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145 Proteogenomic approaches for exploring the dark immunopeptidome
  1. Kristin Leskoske,
  2. Hem Gurung,
  3. Ana Magalhaes,
  4. Samir Vaidya,
  5. Daniel Le,
  6. Hang Xu,
  7. Yuxin Liang and
  8. Susan Klaeger
  1. Genentech, South San Francisco, CA, USA
  • Journal for ImmunoTherapy of Cancer (JITC) preprint. The copyright holder for this preprint are the authors/funders, who have granted JITC permission to display the preprint. All rights reserved. No reuse allowed without permission.


Background Comprehensive coverage of the class I human leukocyte antigen (HLA-I) immunopeptidome can help inform the development of cancer immunotherapies. Currently, cancer-specific antigen targets are predicted from somatic mutations identified by whole exome sequencing of canonical protein-coding genomic regions. Novel or unannotated open reading frames (nuORFs) may provide an additional source of cancer-specific antigens. However, detection of cancer-specific antigens by mass spectrometry is limited by large sample input requirements and computational challenges in spectral matching to large protein databases. Ribosome profiling (Ribo-Seq) can narrow the scope of the ‘dark proteome’ by identifying active translation of nuORFs. Here, we present an optimized immunopeptidomics workflow and integrate Ribo-Seq data with peptidomics to characterize the dark immunopeptidome.

Methods HLA-I peptide complexes in A375 melanoma cells were immunoprecipitated with W6/32 antibody using an automated workflow on an AssayMap Bravo (Agilent). HLA peptides were acid eluted, then reduced, alkylated and desalted, or fractionated with SDB-XC stage tips before analysis using optimized trapped ion mobility separation and parallel accumulation-serial fragmentation (PASEF) methods on a timsTOF SCP mass spectrometer (Bruker). Ribo-Seq was performed on the same cell line to generate a cell type specific protein database containing both actively translated nuORFs and canonical protein sequences. Immunopeptidomics data were then searched against a human reference proteome in combination with a cell type specific or a pan sample database.

Results Our optimized immunopeptidomics workflow shows improved sensitivity, demonstrated by the identification of over 1,000 unique HLA-I peptides from as little as one million A375 melanoma cells in a single mass spectrometry run. Five to ten million melanoma cells routinely identified 3,000 – 4,000 peptides in a single run. For larger sample inputs, fractionation further increased peptide identification to enable routine identification of over 10,000 peptides. This increased depth allowed for the discovery and characterization of peptides from novel antigen sources. In A375 melanoma cells, approximately 1–4% of HLA-I peptides identified map to nuORFs identified by Ribo-Seq. These nuORFs include retained introns, as well as up- and down-stream ORFs. nuORF-derived peptides were enriched in the immunopeptidome relative to the proteome suggesting differential processing and presentation of dark matter antigens.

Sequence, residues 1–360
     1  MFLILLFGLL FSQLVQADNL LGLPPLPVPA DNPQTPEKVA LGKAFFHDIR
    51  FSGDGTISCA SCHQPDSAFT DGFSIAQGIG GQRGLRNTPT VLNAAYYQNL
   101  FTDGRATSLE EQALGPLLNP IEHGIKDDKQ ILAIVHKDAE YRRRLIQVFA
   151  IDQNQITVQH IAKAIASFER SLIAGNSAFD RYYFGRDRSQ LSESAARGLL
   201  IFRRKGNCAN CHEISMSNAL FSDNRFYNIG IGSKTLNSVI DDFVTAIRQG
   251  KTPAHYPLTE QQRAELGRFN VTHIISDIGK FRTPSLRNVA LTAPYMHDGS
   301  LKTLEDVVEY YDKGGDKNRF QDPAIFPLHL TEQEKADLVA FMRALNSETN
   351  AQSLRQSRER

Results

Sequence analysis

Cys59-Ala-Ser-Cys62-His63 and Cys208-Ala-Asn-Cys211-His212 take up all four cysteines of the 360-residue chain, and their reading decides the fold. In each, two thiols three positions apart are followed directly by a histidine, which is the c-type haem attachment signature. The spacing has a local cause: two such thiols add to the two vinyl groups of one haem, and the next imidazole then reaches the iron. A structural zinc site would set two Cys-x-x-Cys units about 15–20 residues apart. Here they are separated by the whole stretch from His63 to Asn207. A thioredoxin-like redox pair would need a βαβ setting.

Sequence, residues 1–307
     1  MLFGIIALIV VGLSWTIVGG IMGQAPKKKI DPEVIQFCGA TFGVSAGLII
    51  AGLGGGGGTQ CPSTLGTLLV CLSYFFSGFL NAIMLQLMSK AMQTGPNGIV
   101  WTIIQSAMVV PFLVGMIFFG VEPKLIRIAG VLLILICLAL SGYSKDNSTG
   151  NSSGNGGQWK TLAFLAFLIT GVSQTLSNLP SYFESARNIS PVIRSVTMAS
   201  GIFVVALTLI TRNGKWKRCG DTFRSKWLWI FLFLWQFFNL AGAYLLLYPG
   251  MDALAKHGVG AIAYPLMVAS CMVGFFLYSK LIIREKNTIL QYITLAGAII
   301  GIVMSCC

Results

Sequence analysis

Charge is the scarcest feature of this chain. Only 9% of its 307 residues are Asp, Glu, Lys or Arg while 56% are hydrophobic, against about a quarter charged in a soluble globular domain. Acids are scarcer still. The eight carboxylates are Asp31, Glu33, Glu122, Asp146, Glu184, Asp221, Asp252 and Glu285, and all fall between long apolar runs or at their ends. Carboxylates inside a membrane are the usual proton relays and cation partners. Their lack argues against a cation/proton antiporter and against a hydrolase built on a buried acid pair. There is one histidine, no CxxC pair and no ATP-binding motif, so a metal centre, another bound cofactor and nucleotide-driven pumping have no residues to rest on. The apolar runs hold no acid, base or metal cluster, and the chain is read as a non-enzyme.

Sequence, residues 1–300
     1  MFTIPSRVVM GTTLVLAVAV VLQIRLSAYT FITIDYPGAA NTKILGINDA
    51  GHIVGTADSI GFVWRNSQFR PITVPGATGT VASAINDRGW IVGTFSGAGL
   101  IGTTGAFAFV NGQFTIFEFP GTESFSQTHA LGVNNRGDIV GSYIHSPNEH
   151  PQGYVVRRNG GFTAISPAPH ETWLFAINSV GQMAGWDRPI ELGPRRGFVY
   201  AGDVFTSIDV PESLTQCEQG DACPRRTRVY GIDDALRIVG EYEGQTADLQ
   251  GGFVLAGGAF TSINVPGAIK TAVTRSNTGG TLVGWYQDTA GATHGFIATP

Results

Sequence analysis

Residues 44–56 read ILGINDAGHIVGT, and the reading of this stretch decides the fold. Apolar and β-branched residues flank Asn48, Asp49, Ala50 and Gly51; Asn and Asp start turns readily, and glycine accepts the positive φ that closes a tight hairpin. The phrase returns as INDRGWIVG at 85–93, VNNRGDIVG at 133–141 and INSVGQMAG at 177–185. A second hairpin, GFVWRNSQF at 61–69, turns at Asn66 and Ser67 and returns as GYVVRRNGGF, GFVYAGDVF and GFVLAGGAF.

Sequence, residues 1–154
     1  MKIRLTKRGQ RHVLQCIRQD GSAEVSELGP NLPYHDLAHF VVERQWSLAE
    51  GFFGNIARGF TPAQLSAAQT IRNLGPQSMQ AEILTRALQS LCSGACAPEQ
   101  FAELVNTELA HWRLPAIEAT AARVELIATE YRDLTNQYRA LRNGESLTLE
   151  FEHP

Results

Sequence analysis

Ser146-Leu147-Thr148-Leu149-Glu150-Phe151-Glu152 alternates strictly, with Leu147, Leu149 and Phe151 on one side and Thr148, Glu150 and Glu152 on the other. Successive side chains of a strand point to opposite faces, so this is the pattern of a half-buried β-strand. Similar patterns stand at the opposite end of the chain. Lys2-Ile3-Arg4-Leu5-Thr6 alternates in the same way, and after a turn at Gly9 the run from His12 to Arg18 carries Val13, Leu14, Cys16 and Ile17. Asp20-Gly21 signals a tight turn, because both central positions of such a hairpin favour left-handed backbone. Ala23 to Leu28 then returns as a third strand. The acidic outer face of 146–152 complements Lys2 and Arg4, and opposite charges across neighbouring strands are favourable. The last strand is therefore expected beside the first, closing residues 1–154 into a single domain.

Conclusions We have developed an immunopeptidomics workflow that combines sensitive mass-spectrometry with Ribo-Seq to study dark matter antigens. Our results demonstrate that novel unannotated open reading frames substantially contribute to the immunopeptidome. Dark matter antigens may serve as attractive targets for cancer-specific immunotherapies.

This is an open access article distributed in accordance with the Creative Commons Attribution Non Commercial (CC BY-NC 4.0) license, which permits others to distribute, remix, adapt, build upon this work non-commercially, and license their derivative works on different terms, provided the original work is properly cited, appropriate credit is given, any changes made indicated, and the use is non-commercial. See

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